The latest Israeli military attacks in Gaza, dubbed 'Operation Protective Edge', is the third major offensive on the Gaza Strip in six years. Before the July 2014 offensive, the last large-scale escalation was in November 2012, when the Israeli military bombarded the Gaza Strip with air strikes for eight days. Those strikes killed 171 Palestinians, including more than 100 civilians. In 2008-2009, Israeli soldiers launched a 22-day military operation in Gaza, dubbed Operation Cast Lead. About 1,400 Palestinians and 13 Israelis were killed. [source: Aljazeera]
Tens of thousands of Palestinians have left their houses to seek shelter from an Israeli ground invasion, July 2o014. Photo: Emad Nassar/Al Jazeera
As the latest attacks intensify, and the number of civilian deaths continue to rise, it seems more pertinent than ever to understand the political motivations behind these assaults and, more importantly, how Israel have been able to carry out such atrocities without intervention. Here, we present a list of books from Israeli and Palestinian authors, to explain the conflict and consider what the future might hold. All books on this list are available for direct purchase, at discounts of 30% for hardcovers, 40% for paperbacks, and 50% for ebooks. Additionally, for a limited time, you can download the ebook of the trenchant anthology The Case for Sanctions Against Israel for free.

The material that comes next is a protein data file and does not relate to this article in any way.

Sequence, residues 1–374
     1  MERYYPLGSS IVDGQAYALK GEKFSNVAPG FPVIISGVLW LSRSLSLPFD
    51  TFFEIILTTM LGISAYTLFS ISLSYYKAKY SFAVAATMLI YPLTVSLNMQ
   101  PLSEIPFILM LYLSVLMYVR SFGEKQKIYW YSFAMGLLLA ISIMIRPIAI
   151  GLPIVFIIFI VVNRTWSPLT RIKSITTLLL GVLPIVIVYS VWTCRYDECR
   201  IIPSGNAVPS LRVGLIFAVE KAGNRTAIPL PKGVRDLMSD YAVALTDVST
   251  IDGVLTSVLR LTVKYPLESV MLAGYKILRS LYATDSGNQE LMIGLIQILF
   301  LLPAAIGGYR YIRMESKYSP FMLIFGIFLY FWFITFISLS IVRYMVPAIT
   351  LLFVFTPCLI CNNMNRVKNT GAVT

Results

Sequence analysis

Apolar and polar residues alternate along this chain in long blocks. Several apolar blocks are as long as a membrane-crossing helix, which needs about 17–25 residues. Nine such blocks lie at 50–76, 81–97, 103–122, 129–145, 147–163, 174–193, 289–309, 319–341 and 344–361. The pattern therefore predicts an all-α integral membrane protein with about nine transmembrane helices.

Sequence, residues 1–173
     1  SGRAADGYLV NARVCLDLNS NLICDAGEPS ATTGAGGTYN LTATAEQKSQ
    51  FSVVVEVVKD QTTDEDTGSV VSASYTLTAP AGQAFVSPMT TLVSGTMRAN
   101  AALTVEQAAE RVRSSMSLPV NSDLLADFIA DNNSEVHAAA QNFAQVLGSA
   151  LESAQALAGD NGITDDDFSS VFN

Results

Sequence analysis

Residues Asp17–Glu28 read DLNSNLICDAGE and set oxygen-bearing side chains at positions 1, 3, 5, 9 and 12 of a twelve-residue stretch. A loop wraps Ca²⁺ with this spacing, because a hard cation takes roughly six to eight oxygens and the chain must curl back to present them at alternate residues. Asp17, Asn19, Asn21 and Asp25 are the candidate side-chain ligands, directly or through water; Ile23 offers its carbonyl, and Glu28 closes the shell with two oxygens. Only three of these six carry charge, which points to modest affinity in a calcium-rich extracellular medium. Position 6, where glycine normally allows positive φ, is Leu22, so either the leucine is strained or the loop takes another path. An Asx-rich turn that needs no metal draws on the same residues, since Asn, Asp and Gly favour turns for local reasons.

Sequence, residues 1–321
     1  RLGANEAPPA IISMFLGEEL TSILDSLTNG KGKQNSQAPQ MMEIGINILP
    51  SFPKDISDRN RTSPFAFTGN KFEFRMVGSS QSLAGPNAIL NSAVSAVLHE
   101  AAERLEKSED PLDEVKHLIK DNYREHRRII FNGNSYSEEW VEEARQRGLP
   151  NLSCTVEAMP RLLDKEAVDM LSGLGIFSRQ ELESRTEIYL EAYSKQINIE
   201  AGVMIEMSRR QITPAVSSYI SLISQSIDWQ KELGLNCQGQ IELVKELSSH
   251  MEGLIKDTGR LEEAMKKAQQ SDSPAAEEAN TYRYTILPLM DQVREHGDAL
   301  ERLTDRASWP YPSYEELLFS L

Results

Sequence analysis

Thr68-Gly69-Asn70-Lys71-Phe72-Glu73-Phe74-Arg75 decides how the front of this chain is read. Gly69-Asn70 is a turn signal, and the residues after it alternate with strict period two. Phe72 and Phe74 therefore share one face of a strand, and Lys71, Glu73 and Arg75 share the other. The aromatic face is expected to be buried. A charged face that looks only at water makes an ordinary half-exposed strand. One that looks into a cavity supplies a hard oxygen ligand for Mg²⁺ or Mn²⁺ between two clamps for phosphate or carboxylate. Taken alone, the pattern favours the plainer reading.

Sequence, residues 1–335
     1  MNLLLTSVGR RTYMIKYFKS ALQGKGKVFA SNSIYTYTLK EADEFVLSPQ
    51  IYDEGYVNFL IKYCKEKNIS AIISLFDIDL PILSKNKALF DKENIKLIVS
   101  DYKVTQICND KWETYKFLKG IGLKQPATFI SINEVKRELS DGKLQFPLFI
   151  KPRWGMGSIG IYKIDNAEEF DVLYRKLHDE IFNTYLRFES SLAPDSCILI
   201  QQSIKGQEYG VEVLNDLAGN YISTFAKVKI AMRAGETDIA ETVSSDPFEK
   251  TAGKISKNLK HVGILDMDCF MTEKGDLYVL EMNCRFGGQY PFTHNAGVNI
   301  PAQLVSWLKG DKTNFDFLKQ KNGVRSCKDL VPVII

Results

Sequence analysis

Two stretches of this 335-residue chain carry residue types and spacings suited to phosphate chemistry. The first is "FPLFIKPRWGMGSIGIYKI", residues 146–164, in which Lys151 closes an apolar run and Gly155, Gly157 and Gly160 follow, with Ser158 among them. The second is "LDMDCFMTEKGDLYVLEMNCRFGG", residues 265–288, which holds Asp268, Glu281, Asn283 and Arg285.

In this extract from The Least of All Possible Evils, Eyal Weizman details the dyanamic of the transport of provisions between Israel and Gaza, comparing it to a reverse Milgram experiment - a classic psychological experiment in power and authority and the capacity to inflict pain on ordinary people.
Milgram in Gaza
The legal petition against the further reduction of provisions into Gaza was rejected at the end of January 2008. ‘This is the difference between Israel, a democracy fighting for its life within the framework of the law, and the terrorist organizations fighting against it,’ the High Court stated, as if it were a state spokesperson. The court performed the task of an administrator rather than an adjudicator, a partner in the calibration of how much pain Gazans are to be made to legitimately feel. As such, acts of torture and terror aimed at forcing civilians into political compliance conferred on their makers a dignified image. Those proportionaly admin- istering the level of pain could now see themselves as being responsible for the necessary and tragic task of calculating and responsibly choosing the lesser of all possible evils.